Early Termination of Probation
Nearly 2 million Texans have accepted deferred adjudication judgments for misdemeanors and felony arrests and many more Texans have accepted regular or "straight" probation for misdemeanors and felony arrests. Many believe that once the probation period is over and the charge dismissed that it will not be on their record. Unfortunately this is not the case: the arrest, court and the judgment remains on your record and available to the public to view. Even if you received a deferred adjudication judgment, you record remains public unless you are granted a Petition for Non-Disclosure through the Courts.
Early Termination of deferred adjudication is the first step in clearing your record and paving the way for your records to be sealed.
Working to clear your criminal record is valuable for any number of reasons. It affects your ability to find and keep a good job, get a certification/re-certification, rent an apartment, get a mortgage or any other type of loan or gain acceptance to school. Your record will influence any future criminal case you might be unfortunate enough to have filed against you. Certain convictions can increase what you pay for life and health insurance.
What is Early Termination of Probation?
The Court, in its discretion, can order the early termination of probation in many misdemeanor and felony cases. You will then no longer be on community supervision (probation). However, early release from probation is entirely discretionary and not mandatory. There's no way to force the judge to grant an early discharge. Even if you have completed all the terms, if the judge doesn't want to let you out of the remainder of the probation term, you'll have to finish it. Most however listen and try to reduce the term of the probation when possible.
Benefits of Requesting a Reduction or Early Termination
It is important to minimize your record as much as possible to reduce all the consequences, seen and unforeseen. Early Termination of deferred adjudication community supervision is the way to start the process for your records to be sealed.
Probation on your record is better than a sentence of imprisonment. A successful probation with early termination is even better. A deferred adjudication is better than straight probation. A reduction to a lesser charge is always preferential to pleading to the charged offense. Best of all, is a dismissal.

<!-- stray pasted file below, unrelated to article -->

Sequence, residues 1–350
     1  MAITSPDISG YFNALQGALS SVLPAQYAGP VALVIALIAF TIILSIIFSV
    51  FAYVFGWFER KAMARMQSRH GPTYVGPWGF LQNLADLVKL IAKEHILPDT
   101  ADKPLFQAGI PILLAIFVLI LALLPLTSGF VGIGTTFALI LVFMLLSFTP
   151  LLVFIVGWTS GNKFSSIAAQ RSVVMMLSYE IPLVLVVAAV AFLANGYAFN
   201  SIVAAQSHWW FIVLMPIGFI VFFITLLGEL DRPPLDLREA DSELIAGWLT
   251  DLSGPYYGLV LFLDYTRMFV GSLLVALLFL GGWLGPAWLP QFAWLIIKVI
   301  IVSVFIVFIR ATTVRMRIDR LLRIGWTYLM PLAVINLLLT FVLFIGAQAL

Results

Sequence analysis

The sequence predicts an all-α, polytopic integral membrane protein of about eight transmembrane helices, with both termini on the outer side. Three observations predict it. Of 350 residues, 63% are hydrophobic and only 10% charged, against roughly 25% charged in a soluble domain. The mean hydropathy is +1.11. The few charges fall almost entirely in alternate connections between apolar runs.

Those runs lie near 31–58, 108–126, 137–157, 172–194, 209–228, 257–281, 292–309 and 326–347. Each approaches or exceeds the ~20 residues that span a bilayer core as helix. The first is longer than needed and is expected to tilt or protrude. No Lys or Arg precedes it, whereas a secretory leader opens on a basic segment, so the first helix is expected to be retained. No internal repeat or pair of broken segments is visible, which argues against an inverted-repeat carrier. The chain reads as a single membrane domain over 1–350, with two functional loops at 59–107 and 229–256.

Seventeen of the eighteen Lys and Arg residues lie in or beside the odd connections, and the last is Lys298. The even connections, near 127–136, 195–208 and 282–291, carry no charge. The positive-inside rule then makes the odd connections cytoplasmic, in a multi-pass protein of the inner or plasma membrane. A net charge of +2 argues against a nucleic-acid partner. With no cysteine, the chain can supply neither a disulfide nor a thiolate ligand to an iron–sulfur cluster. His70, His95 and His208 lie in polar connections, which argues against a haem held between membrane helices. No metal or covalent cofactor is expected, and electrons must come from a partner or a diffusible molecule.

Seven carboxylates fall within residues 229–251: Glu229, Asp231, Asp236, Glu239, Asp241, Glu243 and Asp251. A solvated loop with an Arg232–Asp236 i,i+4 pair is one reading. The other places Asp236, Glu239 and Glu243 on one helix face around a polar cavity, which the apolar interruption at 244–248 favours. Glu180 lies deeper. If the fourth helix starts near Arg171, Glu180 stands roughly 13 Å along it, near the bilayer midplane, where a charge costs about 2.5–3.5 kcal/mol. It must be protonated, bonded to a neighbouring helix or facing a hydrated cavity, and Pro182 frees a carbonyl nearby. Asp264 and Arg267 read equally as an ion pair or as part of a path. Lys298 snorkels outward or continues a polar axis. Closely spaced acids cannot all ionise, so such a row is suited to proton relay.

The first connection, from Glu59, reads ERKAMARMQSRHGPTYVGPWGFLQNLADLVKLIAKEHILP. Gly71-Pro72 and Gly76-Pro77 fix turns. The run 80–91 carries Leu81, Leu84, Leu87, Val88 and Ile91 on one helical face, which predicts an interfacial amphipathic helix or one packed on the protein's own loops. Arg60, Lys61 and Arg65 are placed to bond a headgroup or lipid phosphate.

What is the Process?
Once you hire us, we will (1) draft a motion asking for early termination of probation, (2) place the matter on the court's calendar, (3) speak to the prosecutor and probation officer in an attempt to gather their support, and (4) argue the matter before the judge. The prosecutor must receive advanced written notice and has an opportunity to state any objections on the record. If early termination is successful, most judges don't require you to pay out probation fees into the future.
How Soon Can I Request a Reduction or Early Termination?
In theory, if you were sentenced to deferred adjudication community supervision (probation), the petition for early termination can be made any time after probation is imposed. But, a court typically will want the defendant to serve at least 9 months to one year of misdemeanor probation, and at least the first 18 months of felony probation, before considering early termination. If you were sentenced to regular or "straight" probation, you must satisfactorily complete one-third of the period of probation, or two years, whichever is less.
How Does The Court Decide Whether to Grant Early Termination?
The court will weigh and consider all the circumstances of the case. These include:
- How serious was the conduct leading to the conviction?
- Has the person completed all the terms and conditions of probation?
- What is the extent (or lack) of the person's additional criminal record?